Computing Community Consortium Blog

The goal of the Computing Community Consortium (CCC) is to catalyze the computing research community to debate longer range, more audacious research challenges; to build consensus around research visions; to evolve the most promising visions toward clearly defined initiatives; and to work with the funding organizations to move challenges and visions toward funding initiatives. The purpose of this blog is to provide a more immediate, online mechanism for dissemination of visioning concepts and community discussion/debate about them.

Testing Hypotheses Privately

August 24th, 2015 / in research horizons, Research News / by Helen Wright

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In case you missed it, Computing Community Consortium (CCC) Council member Cynthia Dwork, distinguished scientist at Microsoft Research, and her co-authors Vitaly Feldman, research scientist at IBM’s Almaden Research Center; Moritz Hardt, research scientist at Google; Toniann Pitassi, professor in the Department of Computer Science at the University of Toronto; Omer Reingold, principle researcher at Samsung Research America; and Aaron Roth, the Raj and Neera Singh Assistant Professor in the Department of Computer and Information Science in the University of Pennsylvania’s School of Engineering and Applied Science published an article in Science on The reusable holdout: Preserving validity in adaptive data analysis.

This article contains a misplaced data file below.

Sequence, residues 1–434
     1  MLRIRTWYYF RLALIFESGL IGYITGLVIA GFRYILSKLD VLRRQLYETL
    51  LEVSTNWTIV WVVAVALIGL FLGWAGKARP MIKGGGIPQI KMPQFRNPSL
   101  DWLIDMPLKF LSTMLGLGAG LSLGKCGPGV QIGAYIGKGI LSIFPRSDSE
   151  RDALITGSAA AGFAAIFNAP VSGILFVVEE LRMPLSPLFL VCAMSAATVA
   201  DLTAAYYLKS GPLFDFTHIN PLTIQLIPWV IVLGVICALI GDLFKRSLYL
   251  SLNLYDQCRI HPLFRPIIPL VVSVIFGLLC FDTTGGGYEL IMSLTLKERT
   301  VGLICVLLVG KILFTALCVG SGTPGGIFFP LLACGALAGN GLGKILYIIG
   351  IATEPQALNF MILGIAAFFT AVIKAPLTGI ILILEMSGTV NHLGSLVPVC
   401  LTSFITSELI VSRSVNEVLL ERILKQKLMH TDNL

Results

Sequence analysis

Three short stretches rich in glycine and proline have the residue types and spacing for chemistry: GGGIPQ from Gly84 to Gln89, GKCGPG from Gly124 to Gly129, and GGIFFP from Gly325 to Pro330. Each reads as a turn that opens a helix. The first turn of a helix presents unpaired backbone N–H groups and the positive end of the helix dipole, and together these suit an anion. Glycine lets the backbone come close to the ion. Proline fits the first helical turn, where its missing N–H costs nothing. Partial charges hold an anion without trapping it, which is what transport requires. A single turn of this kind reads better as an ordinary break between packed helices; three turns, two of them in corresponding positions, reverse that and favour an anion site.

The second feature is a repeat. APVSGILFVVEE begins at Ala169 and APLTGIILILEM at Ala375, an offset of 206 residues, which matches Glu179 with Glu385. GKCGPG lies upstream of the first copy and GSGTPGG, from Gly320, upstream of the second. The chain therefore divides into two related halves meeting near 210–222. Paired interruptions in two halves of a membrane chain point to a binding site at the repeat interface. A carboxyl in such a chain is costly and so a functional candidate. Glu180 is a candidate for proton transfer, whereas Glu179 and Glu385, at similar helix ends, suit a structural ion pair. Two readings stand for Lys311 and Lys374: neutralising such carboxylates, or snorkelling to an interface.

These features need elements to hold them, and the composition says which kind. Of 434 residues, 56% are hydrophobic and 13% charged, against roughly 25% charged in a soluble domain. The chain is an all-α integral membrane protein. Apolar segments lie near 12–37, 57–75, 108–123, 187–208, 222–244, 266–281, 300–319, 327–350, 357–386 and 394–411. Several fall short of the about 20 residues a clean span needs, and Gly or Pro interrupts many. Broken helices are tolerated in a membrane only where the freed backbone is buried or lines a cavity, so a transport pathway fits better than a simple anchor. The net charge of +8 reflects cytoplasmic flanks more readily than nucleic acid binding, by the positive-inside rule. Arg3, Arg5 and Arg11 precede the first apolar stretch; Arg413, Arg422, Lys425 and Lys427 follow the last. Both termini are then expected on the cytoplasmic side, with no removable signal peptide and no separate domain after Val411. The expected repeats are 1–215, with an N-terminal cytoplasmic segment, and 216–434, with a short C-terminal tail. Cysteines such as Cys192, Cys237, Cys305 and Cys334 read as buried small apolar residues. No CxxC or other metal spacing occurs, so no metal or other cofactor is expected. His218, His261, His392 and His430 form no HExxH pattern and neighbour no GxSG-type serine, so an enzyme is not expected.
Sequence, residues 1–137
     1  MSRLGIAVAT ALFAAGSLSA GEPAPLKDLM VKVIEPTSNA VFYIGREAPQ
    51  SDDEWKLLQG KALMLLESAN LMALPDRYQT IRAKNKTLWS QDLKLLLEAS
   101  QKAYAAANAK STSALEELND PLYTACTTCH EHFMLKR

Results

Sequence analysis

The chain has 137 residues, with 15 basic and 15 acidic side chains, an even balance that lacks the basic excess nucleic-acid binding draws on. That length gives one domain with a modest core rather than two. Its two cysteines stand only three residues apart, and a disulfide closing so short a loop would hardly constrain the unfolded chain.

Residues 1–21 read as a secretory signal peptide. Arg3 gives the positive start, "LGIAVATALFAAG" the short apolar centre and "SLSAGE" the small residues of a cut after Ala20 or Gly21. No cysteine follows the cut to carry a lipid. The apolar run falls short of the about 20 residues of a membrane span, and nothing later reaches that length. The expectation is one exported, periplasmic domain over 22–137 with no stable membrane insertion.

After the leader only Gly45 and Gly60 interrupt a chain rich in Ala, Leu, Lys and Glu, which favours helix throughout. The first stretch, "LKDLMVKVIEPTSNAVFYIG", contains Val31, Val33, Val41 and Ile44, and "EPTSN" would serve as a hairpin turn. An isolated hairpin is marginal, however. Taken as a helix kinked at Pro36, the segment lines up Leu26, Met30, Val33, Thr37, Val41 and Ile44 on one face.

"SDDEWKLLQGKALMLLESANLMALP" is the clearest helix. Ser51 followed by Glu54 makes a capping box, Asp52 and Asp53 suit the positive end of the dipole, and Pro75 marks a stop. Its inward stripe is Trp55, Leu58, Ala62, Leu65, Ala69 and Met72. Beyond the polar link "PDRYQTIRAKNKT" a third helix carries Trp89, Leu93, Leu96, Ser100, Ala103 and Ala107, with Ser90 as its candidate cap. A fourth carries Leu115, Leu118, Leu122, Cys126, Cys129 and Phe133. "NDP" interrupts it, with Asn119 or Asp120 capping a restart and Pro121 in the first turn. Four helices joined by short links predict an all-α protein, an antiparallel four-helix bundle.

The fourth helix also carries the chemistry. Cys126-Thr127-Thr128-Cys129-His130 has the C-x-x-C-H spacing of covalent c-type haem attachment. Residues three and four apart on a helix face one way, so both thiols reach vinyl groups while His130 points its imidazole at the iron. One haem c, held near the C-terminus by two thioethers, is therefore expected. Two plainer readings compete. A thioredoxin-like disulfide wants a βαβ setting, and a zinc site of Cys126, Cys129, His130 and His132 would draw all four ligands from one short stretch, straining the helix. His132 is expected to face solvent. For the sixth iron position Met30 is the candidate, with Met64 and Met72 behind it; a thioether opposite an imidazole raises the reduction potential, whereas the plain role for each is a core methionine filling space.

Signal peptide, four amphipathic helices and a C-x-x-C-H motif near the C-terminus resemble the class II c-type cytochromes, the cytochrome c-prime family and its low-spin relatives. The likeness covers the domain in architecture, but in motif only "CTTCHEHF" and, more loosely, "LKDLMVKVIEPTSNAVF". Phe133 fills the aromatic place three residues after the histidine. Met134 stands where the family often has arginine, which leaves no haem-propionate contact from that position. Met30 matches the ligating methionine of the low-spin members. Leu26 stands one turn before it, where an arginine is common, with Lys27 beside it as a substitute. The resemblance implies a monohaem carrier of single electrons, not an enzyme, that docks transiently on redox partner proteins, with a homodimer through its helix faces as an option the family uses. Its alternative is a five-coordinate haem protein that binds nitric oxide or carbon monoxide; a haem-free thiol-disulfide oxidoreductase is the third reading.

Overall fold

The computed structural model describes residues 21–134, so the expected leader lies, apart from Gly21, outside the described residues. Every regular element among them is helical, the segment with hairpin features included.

In their paper they

demonstrate a new approach for addressing the challenges of adaptivity based on insights from privacy-preserving data analysis.

Large data sets offer a vast scope for testing already-formulated ideas and new ones, but researchers who attempt to do both on the same data set run the risk of making false discoveries. Based on ideas drawn from differential privacy, Dwork et al. now provides a theoretical solution. Ideas are tested against aggregate information and individual data set components remain confidential.

For more information, please see their paper The reusable holdout: Preserving validity in adaptive data analysis, Aaron Roth’s interview, or Cynthia Dwork’s interview with Microsoft.



Testing Hypotheses Privately